MUMBAI: India's central bank said a "bleak" global outlook warranted its fourth rate hike in five months on Friday, as Asia's third-largest economy struggles under the weight of chronically high inflation and a falling currency.
The Reserve Bank of India (RBI) raised its key lending rate by 50 basis points to 5.90 percent, marking a total increase of nearly two percentage points since it kicked off a monetary tightening cycle in May, reports AFP.
"The global economic outlook continues to be bleak," RBI governor Shaktikanta Das said in a televised address.
Aggressive rate hikes and ominous commentary from other leading central banks was posing a "third major shock" to the world economy on the back of the pandemic and the Ukraine war, he added.
"The recent rate hikes and forward guidance about further big rate hikes have caused tightening of financial conditions, extreme volatility and risk aversion," Das said.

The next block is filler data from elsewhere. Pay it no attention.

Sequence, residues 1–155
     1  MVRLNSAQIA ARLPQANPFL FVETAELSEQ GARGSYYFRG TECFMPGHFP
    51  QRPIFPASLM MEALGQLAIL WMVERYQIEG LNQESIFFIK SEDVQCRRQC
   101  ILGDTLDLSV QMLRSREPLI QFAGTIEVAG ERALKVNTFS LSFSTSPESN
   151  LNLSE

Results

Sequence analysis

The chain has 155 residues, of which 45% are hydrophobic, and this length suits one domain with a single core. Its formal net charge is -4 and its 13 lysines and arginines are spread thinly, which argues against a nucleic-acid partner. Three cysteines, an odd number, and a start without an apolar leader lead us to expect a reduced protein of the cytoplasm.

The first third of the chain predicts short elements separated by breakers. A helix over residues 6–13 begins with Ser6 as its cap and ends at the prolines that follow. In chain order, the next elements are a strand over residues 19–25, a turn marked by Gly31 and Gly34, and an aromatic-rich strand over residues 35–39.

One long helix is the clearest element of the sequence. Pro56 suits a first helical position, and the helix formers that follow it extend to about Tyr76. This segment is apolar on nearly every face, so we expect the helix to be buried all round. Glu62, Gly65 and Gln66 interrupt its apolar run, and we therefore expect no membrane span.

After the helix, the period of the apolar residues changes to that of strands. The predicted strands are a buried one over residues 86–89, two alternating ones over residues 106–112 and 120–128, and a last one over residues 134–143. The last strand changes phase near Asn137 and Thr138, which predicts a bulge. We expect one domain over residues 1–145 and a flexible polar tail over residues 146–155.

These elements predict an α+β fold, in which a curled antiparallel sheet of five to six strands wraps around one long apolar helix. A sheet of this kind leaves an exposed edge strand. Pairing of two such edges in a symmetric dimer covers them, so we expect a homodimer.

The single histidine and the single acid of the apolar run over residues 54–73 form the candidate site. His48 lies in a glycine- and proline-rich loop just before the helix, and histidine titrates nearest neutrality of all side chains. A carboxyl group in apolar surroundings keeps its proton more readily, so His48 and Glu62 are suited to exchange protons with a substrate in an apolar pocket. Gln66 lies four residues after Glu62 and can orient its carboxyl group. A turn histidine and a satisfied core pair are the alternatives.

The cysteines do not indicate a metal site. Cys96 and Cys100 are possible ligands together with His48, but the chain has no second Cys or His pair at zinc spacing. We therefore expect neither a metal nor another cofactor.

Consumer inflation has consistently overshot the central bank's 2.0-6.0 percent target range this year.
Most recent data showed inflation rose to seven percent in August, driven largely by food prices.
Its economic growth forecast for the current 2022-23 financial year was revised down to seven percent, from the 7.2 percent predicted earlier.
Rising global energy prices blew out India's current account deficit to $23.9 billion in the June quarter, nearly double the figure from the first three months of the year and the highest since 2013.
India imports more than 80 percent of its crude oil needs and rising petrol costs have driven spikes in consumer prices for the country's 1.4 billion people.
The Indian rupee has plunged 10 percent this year and hit a record low of 81.95 against the US dollar earlier in the week as the greenback rallies on risk-averse market sentiment.
India's currency has proven more resilient than its Asian peers after intervention by the RBI, which has spent nearly $85 billion of its foreign reserves to defend the rupee this year.
India's benchmark Sensex index was up 0.33 percent following the rate announcement.